Last night at SXSW’s opening sessions, there included a special screening of the classic ’79 Alien. Before playing to a packed house of franchise faithful, director Ridley Scott was on hand in his first appearance ever at the festival. There had been some hope that there would be an actual screening of the upcoming Alien: Covenant, but it didn’t happen. However Scott did preview three clips comprising a total of nearly twenty minutes of footage.
The previews do nothing if not showcase that things have moved back towards the hard-R flavor of the spectrum. Scott seems to be back in his stride once again. Before the first clip was shown, he stated his intent with this film:
My goals don’t change. My mantra has always been to scare the living shit out of you.
The first clip shows the arrival of the colony ship Covenant to their destination planet and sending a shuttle down to the surface. As with a number of previous times, the run down from the mothership to the planet isn’t without some exciting turbulence. The Covenant’s pilot, Tennessee, played by Danny McBride, chats via comlink to the shuttle crew. They play it nonchalant but professional. There’s a new David model (the android from Prometheus, still played by Michael Fassbender, but this time named Walter) who is on the arriving shuttle as well. The humans make it to the planet shaken, but none the worse for wear, but Walter is cool and collected (Weyland Corp makes pretty chill androids).
The banter between the characters on the launch prep and the descent has the vibe of the post-stasis table chatter from Alien and the pre-drop briefing scenes from Aliens (and a bit of the Betty crew from Alien: Resurrection) making it feel again as a return to form.
The Backbuster & Bad Shots;
The next clip is the context around the backbursting scene that we’ve seen in the earlier trailer. Tennessee calls for a quarantine across the radio while Carmen Ejogo’s character (we don’t have a name for her yet) is closing on the shuttle supporting the unfortunate fellow (the one from the trailer with the exploding spine). Ejogo pleads across the radio to let them into the ship, as he collapses against her, coughing up blood, the crew relent and let them onto the ship. Fans of the original Alien film will know that quarantine breaking never, ever ends well.
We continue to the scene that we saw in the red-banded trailer in the infirmary. Faris, played by Amy Seimetz, is the one to close and seal the door and then runs to the shuttle’s bridge to call to the rest of the team on the surface that they all have to return immediately. The man starts to convulse and Ejogo embraces him trying to comfort his pain and terror, then after another shutter and spasm his back splits open and we get a freshly-minted alien baby emerging.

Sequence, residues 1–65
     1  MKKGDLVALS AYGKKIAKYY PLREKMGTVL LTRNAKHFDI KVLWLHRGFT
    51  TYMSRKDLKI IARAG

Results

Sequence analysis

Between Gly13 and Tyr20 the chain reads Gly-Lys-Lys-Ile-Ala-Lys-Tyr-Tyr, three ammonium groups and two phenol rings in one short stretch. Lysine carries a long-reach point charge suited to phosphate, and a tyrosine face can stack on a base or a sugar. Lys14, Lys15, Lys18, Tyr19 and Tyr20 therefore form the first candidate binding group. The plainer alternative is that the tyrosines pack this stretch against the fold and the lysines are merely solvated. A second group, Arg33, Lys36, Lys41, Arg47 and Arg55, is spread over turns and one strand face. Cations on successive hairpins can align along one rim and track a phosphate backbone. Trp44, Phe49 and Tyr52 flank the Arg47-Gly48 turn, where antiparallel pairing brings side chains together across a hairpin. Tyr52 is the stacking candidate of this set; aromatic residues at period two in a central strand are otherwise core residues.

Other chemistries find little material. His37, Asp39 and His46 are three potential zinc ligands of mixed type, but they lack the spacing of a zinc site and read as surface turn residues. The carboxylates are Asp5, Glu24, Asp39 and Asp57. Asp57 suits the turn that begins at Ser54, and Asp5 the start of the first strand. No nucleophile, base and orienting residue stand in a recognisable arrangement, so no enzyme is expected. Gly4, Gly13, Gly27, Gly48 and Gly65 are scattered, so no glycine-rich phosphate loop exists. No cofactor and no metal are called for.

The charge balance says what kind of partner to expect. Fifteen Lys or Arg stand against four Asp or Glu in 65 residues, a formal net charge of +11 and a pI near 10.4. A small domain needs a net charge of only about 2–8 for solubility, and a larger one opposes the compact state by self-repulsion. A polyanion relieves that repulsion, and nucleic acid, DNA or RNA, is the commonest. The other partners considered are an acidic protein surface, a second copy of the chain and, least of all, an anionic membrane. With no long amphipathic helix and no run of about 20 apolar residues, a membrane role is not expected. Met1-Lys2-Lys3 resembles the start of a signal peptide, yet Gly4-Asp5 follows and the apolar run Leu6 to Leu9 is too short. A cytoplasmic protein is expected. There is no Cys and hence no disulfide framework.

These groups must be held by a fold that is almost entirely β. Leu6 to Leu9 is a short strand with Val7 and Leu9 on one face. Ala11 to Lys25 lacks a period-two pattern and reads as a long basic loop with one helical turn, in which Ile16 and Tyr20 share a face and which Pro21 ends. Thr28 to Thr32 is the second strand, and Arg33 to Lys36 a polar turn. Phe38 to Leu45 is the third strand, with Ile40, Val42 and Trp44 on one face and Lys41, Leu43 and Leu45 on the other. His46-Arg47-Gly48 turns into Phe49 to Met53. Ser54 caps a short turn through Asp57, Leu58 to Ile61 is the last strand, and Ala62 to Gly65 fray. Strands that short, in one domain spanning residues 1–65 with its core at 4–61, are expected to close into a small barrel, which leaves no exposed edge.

Faris leaves the bridge to head back to the medical bay, stopping to pick up a weapon. The baby alien attacks Ejogo repeatedly. Faris unlocks the door and enters, but slips on the bloody floor. She drops the weapon causing it to fire, getting the attention of the alien. She manages to turn and get out of the room and emergency-close the door, but it closes on her foot. She manages to get it free but is now injured and limping. The alien, enraged, beats it’s way through the door’s glass and continues the pursuit. She finally is forced to continue firing at the alien and misses, her shots going wild and causing a range of increasing damage to the shuttle. Outside the surface team is returning with Billy Crudup’s character, Christopher Oram, racing back in the lead. There is a final scream, one more shot, and then the ship explodes.
As the rest of the team return another member falls convulsing wildly. Walter watches coldly as the rest of the team hold him down. Blood explodes from his mouth as another alien comes crawling out.
Of the two alien births shown thus far, one is out the back, one out the mouth. It’s bloody, really bloody. It would seem that the xenomorph will take whatever way out of a host body that seems most convenient to it at the time and not always the classic chestburster approach.
It’s Perfectly Safe:
The third scene is a shift away from the immediate action to a laboratory where Fassbender is now playing as David (the android from the last film), who has been on the planet for the past decade, studying the aliens and the engineers. David speaks to Oram about some of his discoveries. As they talk, David takes Oram into another room to showcase some of his “successes”. They walk around a collection of eggs, finally David stops at one and touches it and it opens. David insists that it’s save, and Oram leans in closer seeing that something is moving just under the surface inside the egg. A facehugger bursts out, latching onto Orams head and clamps on. Oram fights against it’s legs and tail for a moment, then goes still. David watches unmoved, which reflects back to the way that Walter was passive during the descent through the atmosphere.
- Red Sparrow Review: A Solid Slow-Burn U.S. vs Russia Espionage Caper - February 24, 2018
- Annihilation Review: 5/6ths of a Masterpiece - February 23, 2018
- Game Night Review: When Host a Murder Runs Off the Rails, in a Really Funny Way - February 23, 2018
- Image Expo 2018: The Expo’s Exclusive Covers for Spawn, VS, and The Wicked + The Divine - February 21, 2018
- (Spoiler-Free) Black Panther Review: The Best Solo MCU Film Since Iron Man - February 16, 2018